Campaigns for deaf people come together
In the last few weeks a variety of campaigns on behalf of deaf people I have long been involved with have come together in a number of ways. My private member’s bill to support communication services for deaf people has been published.
I secured a debate last week on the need to protect and support deaf families and will shortly be meeting the Disabilities Minister, Mike Penning, to discuss measures to improve support for deaf people.
MPs who took part in the debate supported the need to protect and support education support for deaf families. The Government has made clear that spending on Special Education Needs should be protected.
However there is no specific guarantee for education of deaf children and the National Deaf Children’s Society (NDCS) has identified planned or threatened reduction in support for education of deaf children.
Ninety per cent of deaf children are born to hearing parents who clearly need support in relating to and helping their children.
Eighty per cent of deaf children go to mainstream schools and, as I said in the debate, although I am not against mainstreaming in principle some children are clearly isolated and lack the support that a dedicated school can provide.
Only 37 per cent of deaf children get the equivalent of 5 GCSEs compared with 81 per cent of hearing children. There is no doubt in my mind this is because they do not get the same level of communication support. Deafness is not in itself a learning disability.
My hope is that this debate, my bill and the commitment of the new Minister for Disability could make a breakthrough of bringing deaf people into proper conversation with hearing people and so ensure that more deaf people get jobs and jobs that reflect their skills and abilities and fewer suffer from mental illness and depression because of the social isolation that deafness brings.
Royal Mail froth doesn’t hide the right course
The sale of Royal Mail shares last week was taken up with enthusiasm and generated a lot of froth in the market, leading to criticism that the Government had undervalued the company, alongside ideological opposition to the case for bringing the private sector into the mail service.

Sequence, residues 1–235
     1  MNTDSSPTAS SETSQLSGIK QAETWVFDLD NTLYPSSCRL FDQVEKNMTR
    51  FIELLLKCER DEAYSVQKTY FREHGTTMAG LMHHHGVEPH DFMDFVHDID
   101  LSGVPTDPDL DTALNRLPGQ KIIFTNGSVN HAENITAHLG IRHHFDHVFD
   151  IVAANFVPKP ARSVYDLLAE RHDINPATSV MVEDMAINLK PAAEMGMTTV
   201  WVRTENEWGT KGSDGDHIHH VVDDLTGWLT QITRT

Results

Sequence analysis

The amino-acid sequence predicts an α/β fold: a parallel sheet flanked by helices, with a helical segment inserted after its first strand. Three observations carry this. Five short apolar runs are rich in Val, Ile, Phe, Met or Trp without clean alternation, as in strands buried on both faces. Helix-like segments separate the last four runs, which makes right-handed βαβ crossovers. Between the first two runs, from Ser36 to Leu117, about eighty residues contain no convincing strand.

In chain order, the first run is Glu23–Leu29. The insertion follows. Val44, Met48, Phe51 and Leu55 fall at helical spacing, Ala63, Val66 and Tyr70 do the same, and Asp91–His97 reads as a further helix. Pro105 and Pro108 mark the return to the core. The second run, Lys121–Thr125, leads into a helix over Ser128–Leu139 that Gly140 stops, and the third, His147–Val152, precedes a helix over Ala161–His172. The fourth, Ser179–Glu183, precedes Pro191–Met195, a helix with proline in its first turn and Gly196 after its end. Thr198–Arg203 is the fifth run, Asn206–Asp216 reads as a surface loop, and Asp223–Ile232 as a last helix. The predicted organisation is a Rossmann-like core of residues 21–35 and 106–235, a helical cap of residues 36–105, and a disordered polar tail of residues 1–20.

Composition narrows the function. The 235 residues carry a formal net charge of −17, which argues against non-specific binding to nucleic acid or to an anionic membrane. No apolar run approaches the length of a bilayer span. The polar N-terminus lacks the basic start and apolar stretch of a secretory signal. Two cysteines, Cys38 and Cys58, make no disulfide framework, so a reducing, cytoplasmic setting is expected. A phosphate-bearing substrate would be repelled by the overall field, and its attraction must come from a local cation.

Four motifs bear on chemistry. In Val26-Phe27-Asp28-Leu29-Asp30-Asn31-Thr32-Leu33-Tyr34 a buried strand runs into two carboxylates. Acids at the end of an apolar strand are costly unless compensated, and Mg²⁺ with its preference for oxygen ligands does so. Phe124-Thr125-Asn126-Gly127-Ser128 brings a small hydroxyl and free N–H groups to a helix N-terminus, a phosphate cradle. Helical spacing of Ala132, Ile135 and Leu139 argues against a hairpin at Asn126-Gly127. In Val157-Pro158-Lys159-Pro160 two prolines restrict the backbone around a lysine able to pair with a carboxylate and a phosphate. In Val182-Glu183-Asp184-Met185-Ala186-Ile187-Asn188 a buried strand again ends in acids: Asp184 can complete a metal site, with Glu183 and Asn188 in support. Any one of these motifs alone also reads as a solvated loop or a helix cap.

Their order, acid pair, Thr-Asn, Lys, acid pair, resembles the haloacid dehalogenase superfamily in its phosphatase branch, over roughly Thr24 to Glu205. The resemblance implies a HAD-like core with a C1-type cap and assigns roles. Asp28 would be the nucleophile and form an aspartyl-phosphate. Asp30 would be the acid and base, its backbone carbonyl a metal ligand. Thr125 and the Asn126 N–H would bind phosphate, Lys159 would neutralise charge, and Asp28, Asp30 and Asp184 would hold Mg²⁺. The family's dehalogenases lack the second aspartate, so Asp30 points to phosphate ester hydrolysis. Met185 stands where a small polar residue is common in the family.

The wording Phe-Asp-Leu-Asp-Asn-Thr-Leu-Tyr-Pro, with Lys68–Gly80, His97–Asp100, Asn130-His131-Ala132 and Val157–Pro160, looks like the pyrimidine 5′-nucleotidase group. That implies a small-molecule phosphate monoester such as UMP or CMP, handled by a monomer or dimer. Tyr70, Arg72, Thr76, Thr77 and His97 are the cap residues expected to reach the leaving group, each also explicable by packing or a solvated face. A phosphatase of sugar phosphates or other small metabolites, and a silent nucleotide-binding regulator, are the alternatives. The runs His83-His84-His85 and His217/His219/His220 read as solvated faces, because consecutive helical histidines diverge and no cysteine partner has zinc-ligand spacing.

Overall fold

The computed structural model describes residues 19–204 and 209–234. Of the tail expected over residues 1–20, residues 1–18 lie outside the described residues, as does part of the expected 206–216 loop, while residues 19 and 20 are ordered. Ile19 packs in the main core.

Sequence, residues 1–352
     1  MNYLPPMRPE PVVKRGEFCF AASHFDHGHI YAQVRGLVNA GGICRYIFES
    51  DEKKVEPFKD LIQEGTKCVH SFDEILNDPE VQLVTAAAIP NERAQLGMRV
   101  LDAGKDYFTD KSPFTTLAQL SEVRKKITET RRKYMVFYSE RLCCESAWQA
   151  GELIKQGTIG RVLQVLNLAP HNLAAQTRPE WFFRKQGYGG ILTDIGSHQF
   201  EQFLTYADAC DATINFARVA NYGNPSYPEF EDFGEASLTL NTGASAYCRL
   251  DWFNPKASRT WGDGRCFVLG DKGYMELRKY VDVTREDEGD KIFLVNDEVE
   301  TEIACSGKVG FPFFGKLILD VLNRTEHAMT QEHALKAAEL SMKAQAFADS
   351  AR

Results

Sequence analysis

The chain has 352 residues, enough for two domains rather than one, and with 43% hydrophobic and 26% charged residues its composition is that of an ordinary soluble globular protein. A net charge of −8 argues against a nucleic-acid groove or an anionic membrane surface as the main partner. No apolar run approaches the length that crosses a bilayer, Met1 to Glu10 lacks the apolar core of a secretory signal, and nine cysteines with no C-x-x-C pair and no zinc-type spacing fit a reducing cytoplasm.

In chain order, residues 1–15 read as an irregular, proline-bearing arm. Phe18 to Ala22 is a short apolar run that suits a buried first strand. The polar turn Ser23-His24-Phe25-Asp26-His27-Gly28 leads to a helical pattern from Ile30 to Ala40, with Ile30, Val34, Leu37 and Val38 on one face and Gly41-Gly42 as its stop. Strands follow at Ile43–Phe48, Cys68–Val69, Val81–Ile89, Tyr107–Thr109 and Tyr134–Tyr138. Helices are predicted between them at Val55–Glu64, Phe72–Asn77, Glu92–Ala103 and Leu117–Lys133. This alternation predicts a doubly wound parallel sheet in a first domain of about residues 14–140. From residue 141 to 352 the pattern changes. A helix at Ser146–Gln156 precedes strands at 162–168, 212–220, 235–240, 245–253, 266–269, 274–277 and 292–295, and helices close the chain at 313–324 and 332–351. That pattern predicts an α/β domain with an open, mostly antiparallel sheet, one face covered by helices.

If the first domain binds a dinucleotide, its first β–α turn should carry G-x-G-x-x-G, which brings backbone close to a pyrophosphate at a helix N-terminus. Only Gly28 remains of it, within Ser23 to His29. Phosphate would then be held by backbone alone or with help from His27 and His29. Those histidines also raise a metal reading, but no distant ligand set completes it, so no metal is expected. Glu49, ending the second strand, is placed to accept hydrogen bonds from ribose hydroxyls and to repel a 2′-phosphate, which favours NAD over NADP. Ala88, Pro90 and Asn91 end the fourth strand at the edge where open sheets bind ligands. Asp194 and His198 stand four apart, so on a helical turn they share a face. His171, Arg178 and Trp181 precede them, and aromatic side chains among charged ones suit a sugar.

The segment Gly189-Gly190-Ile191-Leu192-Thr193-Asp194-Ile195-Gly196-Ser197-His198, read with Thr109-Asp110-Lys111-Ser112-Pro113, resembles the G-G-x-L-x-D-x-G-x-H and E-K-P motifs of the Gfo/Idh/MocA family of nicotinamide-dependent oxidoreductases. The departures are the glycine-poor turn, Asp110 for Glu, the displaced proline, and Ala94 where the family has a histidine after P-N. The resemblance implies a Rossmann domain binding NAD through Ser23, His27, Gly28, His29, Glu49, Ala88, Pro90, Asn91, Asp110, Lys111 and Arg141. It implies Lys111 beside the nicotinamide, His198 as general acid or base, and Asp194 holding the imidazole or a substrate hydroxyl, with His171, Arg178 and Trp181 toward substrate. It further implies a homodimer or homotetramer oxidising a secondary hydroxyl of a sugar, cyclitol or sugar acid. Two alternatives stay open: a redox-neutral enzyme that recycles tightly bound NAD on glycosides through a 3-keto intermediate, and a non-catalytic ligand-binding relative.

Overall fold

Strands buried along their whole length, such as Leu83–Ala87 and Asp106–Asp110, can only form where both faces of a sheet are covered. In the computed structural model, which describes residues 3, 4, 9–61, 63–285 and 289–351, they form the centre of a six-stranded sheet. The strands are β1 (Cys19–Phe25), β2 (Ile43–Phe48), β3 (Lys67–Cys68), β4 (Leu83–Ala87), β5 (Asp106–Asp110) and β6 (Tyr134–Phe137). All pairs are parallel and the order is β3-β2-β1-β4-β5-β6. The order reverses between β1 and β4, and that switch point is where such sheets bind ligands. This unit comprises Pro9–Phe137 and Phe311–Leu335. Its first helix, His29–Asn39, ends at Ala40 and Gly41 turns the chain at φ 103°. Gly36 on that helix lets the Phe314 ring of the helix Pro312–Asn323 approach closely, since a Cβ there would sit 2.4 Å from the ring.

Of course, had the Government overvalued the company leading it to be undersubscribed, criticism would have been vociferous. The real worth of the company will only be clear in the coming months.
Ten percent of the flotation was reserved for the Royal Mail work force which was, understandably, taken up by all but a handful of employees.
The shares have been snapped up in spite of the threat of strikes and uncertainty about the long term future of traditional mail services. The decision to offer shares to the private sector was not arrived at by ideology but by a close analysis of the challenges faced by a drop in letter post and the rise of alternatives.
I was active in working up the policy in recent years and it has been implemented under the leadership of Liberal Democrat Ministers for good, thought through and practical reasons.
Royal Mail faces strong competition from the private sector and from already privatised national mail services such as the Germans and the Dutch. It will be freed from the constraints of EU state aid rules and competition law and will be able to invest in new technology.
It is nevertheless committed by law to retaining the universal service which is vitally important to rural areas such as ours. The Royal Mail network of local “posties” is their unique strength with which they will now be free to compete.
Instead of losing out to other carriers they could attract profitable business. The pattern of postal deliveries in rural Scotland will never be matched by the private market alone – but the ability to compete for the last mile delivery business will be the Royal Mail’s strongest selling point in rural Scotland and the best guarantee of the future for local “posties”.
In addition, the fact that we are part of a UK wide universal service obligation will be a huge advantage to Scotland. Effectively the cost of delivery to our remoter areas will be borne by customers in the big conurbations in England – another reason why we are better together.